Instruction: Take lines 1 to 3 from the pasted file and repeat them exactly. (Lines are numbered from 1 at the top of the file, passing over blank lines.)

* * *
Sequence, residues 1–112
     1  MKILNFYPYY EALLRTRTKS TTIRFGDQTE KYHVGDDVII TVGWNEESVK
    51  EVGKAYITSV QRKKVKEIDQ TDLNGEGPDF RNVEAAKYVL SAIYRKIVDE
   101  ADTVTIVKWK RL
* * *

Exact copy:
Sequence, residues 1–112
     1  MKILNFYPYY EALLRTRTKS TTIRFGDQTE KYHVGDDVII TVGWNEESVK
    51  EVGKAYITSV QRKKVKEIDQ TDLNGEGPDF RNVEAAKYVL SAIYRKIVDE